The good news is that XAML makes it possible for us to have these settings be customizable as well.  We can do this using a {TemplateBinding ControlProperty} markup extension syntax inside the control template to bind to properties of the control.  This will allow our control template to adapt as properties are set on the Control by an external developer:

Notice above how instead of adding a <TextBlock> control to display the content, we are instead using the <ContentPresenter> control.  That will enable us to have the button display not just text strings, but any custom content as well (just like we did earlier in this tutorial).

We can then use the above Style on three buttons below (each with different content and property settings):

The above Buttons will then display like below (and yes - the scaled Calendar control still supports paging and date selection!):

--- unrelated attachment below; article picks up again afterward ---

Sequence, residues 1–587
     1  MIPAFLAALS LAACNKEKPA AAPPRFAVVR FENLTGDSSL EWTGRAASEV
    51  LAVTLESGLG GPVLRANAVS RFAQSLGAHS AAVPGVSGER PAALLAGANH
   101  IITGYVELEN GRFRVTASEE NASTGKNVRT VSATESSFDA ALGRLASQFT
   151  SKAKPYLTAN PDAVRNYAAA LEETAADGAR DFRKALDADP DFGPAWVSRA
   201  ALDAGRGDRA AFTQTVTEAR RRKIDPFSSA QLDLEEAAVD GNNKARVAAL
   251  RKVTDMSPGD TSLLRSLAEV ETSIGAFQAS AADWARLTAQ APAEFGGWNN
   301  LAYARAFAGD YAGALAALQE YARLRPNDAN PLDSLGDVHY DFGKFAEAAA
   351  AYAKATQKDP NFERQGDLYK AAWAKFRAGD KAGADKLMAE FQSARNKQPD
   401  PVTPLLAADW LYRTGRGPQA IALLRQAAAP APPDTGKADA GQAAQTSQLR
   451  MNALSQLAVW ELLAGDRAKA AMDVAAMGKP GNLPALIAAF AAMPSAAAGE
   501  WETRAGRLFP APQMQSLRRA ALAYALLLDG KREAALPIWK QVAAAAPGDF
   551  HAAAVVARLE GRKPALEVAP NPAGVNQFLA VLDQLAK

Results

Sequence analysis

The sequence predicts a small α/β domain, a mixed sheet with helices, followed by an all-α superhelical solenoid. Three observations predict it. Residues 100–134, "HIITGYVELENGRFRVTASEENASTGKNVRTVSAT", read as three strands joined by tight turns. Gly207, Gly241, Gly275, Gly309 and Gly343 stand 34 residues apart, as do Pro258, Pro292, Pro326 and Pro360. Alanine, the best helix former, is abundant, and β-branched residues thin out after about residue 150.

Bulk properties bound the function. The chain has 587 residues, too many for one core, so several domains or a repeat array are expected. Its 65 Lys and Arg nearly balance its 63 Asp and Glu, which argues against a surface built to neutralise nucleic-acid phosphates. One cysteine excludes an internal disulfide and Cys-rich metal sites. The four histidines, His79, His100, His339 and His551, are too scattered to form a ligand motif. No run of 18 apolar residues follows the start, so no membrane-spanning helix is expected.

If we wanted to go further we could optionally add states to the ControlTemplate (to handle button states like "hover", "focus" and "pushed").  This capability enables us to create really polished user interaction scenarios, and enable scenarios not possible with HTML.  It also allows designers to nicely integrate animation and other powerful concepts within the experience.

Developers working with controls in an application can remain oblivious to all of this style and control interaction customization.  They can handle events off of the controls and manipulate the control's object model as normal, and have a designer own sculpting and customizing the look and feel separately using styles and templates.

Polishing up our Search Application

Now that we've covered some of the basics of how Control Templates work, let's use them in a few places to add a bit more UI polish to our search application.

Right now there is one obvious place in the application that clearly needs some work - the "Close" button on our User Control: